And there you have it! I’m learning and eating something new every day thanks to all the wonderful things people share out there.

How to make kefir at home

When we were doing our cheese making course back in 2010, Elisabeth Fekonia gave us some kefir grains to take home.  So we’ve been using these friendly microorganisms and yeasts to help balance our inner ecosystem and supply complete protein, essential minerals and vitamins B12, B1 and C. It is also an excellent source of biotin, which helps the assimilation and absorption of other B vitamins from the body.

Kefir has all the great health benefits of yoghurt and more, because whilst yoghurt works through a bacterial conversion of the milk sugars, kefir uses both bacterial and yeast actions! Kefir is full of probiotics while the calcium, magnesium and phosphorous from the milk is maintained for proper growth of cells and for maintenance of the body and abundant energy. As mentioned above, it is easy to digest because the yeast in the grains feed on the lactose in the milk! This incredible combination of microorganisms has a wonderful effect on our intestinal flora which enhances our immune system and cleans our intestines.

Jean loves it but I can find the sour, effervescent, zesty taste quite strong soprefer to use it for smoothies! Jean’s mum, who we are staying with at the moment also loves it! She was telling us it is the first thing she buys when she travels to Eastern Europe where it is still a part of their cuisine. Indigenous people living in the Caucasus and Middle East regions consumed Kefir for many centuries in the past and scientists have been continuously confirming the health properties of kefir and its benefits in a healthy lifestyle. The origins of kefir were noted many centuries ago with mountain shepherds of the North Caucasus region, who discovered that fresh milk carried in leather pouches would occasionally ferment into an effervescent beverage. I read that in the countries of the former Soviet Union, kefir constitutes 70% of the total fermented milk consumed, and is used in hospitals for various reasons, such as for treating metabolic disorders, for atherosclerosis, for allergic diseases etc. It even used to treat tuberculosis, abnormal growth of cells, high cholesterol levels, the gastrointestinal and metabolic diseases, hypertension and ischemic heart disease and allergy.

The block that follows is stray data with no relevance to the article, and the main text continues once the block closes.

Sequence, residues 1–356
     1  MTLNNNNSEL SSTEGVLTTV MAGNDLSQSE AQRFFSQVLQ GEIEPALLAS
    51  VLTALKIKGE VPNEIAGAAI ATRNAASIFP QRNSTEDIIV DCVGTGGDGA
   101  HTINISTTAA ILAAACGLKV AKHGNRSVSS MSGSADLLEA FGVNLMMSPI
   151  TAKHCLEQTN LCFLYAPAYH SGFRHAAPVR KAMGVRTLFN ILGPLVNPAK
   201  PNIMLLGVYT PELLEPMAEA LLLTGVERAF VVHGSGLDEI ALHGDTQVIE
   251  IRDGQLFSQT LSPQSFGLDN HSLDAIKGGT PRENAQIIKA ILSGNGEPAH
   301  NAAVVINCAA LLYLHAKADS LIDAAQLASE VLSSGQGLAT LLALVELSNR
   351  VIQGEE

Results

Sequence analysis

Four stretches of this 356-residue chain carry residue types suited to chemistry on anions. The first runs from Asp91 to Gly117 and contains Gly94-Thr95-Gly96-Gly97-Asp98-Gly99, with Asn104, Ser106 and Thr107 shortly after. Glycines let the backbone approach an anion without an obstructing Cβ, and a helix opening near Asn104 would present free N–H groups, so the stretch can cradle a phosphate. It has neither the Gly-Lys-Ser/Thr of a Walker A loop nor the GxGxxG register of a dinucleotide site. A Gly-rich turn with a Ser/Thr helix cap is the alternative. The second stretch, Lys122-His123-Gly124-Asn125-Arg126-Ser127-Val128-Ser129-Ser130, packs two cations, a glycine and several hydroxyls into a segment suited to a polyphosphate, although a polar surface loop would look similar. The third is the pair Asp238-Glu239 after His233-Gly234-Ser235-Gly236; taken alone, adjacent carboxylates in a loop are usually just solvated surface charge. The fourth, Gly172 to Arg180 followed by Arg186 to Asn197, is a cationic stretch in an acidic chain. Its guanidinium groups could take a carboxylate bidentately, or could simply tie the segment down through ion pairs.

To make our kefir, we simply add our kefir grains to some fresh milk in a clean glass jar (I’ve read in one place that for approximately every tablespoon of grains, add 1 cup of milk and in another place that one teaspoon of grains will be enough to make 1L of kefir milk but we just add however much we want to make and observe it). You then leave it at room temperature with the lid on loosely, for 12 to 36 hours (depends on the temperature of the air).  We then just strain the kefir grain and drink it… or add fruit to make a smoothie… or we put a few tablespoons of it into fresh cream to ferment it in to sour cream or to make butter. We then put our kefir grains in a fresh batch of milk and wait another 12 to 36 hours. The kefir gets more tangy the longer it cultures. The resulting kefir is basically fermented milk and the texture reminds me of a lassi or yoghurt drink. Here is a photo of our strained kefir grains…